Gene Expression of Bacteria
Here we are going to study of Mechanism of Prokaryotic DNA Transcription. Transcription is the first step in gene expression by which the genetic information in a strand of DNA is copied into a new molecule of messenger RNA (mRNA).
This process is known as the ‘Gene Expression’. This may also know as the central dogma of molecular biology. In order that express characters the genetic information (gene sequences) should be converted to proteins. For this first the nucleotide sequences should be transcribed into mRNA from DNA. And then the nucleotide sequence of mRNA should be translated into amino acids sequences to make proteins.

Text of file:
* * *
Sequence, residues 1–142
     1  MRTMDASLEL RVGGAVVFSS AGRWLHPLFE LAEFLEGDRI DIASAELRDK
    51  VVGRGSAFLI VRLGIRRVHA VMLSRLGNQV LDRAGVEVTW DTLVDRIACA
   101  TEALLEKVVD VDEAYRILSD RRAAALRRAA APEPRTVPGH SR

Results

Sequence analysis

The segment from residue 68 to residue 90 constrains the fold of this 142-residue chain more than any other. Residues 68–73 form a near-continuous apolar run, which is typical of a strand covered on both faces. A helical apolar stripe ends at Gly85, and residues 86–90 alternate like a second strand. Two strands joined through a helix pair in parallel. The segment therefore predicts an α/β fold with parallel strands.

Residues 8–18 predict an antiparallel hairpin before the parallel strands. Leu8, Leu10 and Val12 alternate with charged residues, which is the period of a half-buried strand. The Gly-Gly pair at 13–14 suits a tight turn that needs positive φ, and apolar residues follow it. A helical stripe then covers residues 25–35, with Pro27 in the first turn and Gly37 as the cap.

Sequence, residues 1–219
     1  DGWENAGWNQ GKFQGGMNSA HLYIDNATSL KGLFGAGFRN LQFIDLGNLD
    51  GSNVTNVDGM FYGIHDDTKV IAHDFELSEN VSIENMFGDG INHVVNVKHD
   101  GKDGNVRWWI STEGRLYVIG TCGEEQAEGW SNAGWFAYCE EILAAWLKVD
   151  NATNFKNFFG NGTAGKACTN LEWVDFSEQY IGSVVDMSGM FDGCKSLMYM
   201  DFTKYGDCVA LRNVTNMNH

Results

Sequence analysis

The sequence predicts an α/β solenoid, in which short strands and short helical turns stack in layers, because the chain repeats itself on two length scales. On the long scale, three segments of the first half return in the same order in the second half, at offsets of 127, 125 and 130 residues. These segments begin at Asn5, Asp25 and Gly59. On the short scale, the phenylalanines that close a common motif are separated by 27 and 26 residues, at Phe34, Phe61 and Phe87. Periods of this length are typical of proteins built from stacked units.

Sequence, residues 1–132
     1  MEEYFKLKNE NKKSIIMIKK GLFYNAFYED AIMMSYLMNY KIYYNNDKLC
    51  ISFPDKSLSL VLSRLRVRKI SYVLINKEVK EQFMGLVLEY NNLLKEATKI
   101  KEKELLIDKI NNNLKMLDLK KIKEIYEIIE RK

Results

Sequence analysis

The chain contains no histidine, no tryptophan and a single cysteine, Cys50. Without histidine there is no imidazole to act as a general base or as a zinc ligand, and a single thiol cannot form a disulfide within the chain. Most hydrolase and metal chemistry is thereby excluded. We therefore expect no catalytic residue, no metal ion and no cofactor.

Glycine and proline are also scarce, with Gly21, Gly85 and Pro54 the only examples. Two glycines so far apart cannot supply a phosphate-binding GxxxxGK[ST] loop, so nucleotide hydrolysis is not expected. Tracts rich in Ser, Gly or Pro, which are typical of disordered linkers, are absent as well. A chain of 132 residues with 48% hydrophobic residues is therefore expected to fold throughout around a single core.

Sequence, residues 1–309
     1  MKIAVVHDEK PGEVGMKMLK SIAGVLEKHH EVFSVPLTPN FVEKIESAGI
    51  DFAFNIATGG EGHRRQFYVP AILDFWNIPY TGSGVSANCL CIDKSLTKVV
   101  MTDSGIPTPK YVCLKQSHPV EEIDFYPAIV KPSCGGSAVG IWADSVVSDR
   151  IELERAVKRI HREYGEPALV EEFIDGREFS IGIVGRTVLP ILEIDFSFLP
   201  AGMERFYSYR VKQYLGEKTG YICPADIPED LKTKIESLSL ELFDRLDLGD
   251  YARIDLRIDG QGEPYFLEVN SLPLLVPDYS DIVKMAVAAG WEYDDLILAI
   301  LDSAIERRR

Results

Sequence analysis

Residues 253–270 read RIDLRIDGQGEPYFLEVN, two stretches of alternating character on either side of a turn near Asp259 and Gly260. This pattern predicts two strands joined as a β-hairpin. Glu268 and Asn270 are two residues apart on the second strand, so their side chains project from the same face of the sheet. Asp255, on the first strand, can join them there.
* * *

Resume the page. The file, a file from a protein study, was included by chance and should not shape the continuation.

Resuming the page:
RNA is also a polymer of ribonucleotides. It is composed of ribose sugar molecule, A, G, C, U nitrogenous base pairs and phosphate group. In ribonucleotides the -OH group is in the 2nd carbon. RNA nucleotides are also held together by phosphates in the join the 3̍ C to the 5̍ C in the other. So, it is also having a 5̍-phosphate terminal and 3̍-hydroxyl terminals. RNA is single stranded. But it may have structural properties.
Single structure of nucleotides in RNA.
These single strands can fold up on itself to form double stranded regions.
3) Tertiary Structure
The secondary structure of nucleotide sequences are again fold and rap around itself to form tertiary structures. Double stranded RNA regions which are formed during secondary structure formation are rigid than the single stranded RNA regions. So, these regions can interact with single stranded regions again to form tertiary structures.
Different types of RNA
- mRNA (messenger RNA)
Copies the genetic information in DNA by complementary base pairing and carries this message to the ribosomes where the proteins are synthesized.
- tRNA (transfer RNA)